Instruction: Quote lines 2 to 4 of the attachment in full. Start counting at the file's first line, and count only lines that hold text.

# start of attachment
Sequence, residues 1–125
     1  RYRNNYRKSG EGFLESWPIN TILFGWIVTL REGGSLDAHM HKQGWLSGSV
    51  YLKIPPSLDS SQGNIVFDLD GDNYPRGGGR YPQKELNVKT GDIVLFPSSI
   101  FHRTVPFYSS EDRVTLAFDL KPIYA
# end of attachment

     1  RYRNNYRKSG EGFLESWPIN TILFGWIVTL REGGSLDAHM HKQGWLSGSV
    51  YLKIPPSLDS SQGNIVFDLD GDNYPRGGGR YPQKELNVKT GDIVLFPSSI
   101  FHRTVPFYSS EDRVTLAFDL KPIYA